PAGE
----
This number has now dropped by 62% to stand at 358 yards as of start July 2017, the lowest number of active yards for many years. With a significant number of yards exiting the market, this month’s Shipbuilding Focus investigates the nature of the these changes.

Graph of the week

Searching For Clues

An ‘active’ yard is defined here as one with at least one unit (1,000+ GT) on order, and a yard is active in a specific sector if it has a ship of that type on order. The number of ‘active’ yards can be a useful indicator of shipyard capacity, with the falling number of active yards contributing to the recent decline in capacity. It should be noted that many yards are active in multiple sectors, so the total number of active yards is not equal to the sum of the yards active in each sector.

The Hound Of The Bulkervilles

As of the start of 2009, there were 293 yards active in the bulkcarrier sector, with almost a third of total active shipyards having a bulker on order, due to the boom in bulker ordering and the relatively lower barriers to entry in the sector. This total has now fallen by 67% to stand at 97 yards. On a regional basis, the largest drop has been in China, with the number of Chinese yards with a bulker on order declining by 73% to stand at 50 at the start of July. In terms of consolidation, the ‘top 10’ yards (ranked by total dwt on order in the sector) account for 54% of the total bulker orderbook in dwt terms.

Tanker Tailor Soldier Spy

The number of active yards in the tanker sector (10,000+ dwt) on order has decreased by 55% since 2009 to currently stand at 89 shipyards, only 8 yards fewer than in the bulker sector. China, Korea and Japan each have between 10 and 20 fewer active yards in the sector. In terms of vessel types, the number of yards building crude tankers has remained steady, with the decline mainly accounted for by product and chemical tankers. Similarly to the bulker sector, the ‘top 10’ yards account for 56% of the total tanker orderbook in dwt terms.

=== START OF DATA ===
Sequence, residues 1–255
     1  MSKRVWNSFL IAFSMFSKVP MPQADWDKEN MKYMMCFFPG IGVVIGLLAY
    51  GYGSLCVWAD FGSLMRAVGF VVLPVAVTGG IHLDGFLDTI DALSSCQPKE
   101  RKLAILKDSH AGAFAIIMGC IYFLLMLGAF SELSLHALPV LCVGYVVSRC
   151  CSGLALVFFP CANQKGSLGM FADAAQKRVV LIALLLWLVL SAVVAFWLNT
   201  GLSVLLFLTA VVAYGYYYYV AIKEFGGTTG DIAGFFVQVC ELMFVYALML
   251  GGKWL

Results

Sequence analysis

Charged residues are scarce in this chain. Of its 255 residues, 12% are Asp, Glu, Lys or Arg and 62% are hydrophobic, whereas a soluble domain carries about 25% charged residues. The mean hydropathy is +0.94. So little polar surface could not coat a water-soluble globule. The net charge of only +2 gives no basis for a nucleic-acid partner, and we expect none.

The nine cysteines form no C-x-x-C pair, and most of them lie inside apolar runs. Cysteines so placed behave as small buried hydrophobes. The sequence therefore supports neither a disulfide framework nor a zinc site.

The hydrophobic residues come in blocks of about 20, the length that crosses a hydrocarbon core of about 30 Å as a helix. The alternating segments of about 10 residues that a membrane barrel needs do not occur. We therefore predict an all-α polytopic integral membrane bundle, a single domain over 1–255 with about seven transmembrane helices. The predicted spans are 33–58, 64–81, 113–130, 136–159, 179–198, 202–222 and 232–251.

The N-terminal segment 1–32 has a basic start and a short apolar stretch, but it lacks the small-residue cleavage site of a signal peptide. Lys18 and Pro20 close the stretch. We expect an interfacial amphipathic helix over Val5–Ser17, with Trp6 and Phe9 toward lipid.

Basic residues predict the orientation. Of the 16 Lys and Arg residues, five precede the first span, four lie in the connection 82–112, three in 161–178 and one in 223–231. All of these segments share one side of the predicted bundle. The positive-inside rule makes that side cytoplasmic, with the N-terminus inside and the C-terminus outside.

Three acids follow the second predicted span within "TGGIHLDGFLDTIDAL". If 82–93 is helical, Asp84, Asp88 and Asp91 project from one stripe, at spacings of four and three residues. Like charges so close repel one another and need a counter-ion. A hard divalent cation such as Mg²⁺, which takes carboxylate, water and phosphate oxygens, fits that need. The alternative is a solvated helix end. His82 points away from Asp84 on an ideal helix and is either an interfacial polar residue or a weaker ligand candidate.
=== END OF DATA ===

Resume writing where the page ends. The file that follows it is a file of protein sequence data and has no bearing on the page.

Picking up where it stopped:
Pandora’s Boxships

In the containership sector, the number of active yards has declined by 40% since 2009 to 56 at the start of July. The number of active Asian shipyards has dropped from 64 to 46, while the largest decline was at European yards, with only one shipyard in Europe currently building a boxship, down 96% (German yards alone accounted for 17% of the boxship orderbook in 1998 in TEU terms). Consolidation is a little stronger in the boxship sector than in the bulker and tanker sectors, with the ‘top 10’ yards accounting for 61% of the orderbook in TEU.

So, in total, there are currently 62% fewer yards ‘active’ than at the start of 2009. The largest drop has been in the bulker sector, but the number of active yards has also declined significantly elsewhere. Furthermore, 30% of currently active yards are set to complete construction of ships on their orderbook by the end of this year. With these trends in place, it will be no mystery as shipyard capacity continues to slide.

https://sin.clarksons.net/features/details/49362

Source: clarksons
2017-07-20

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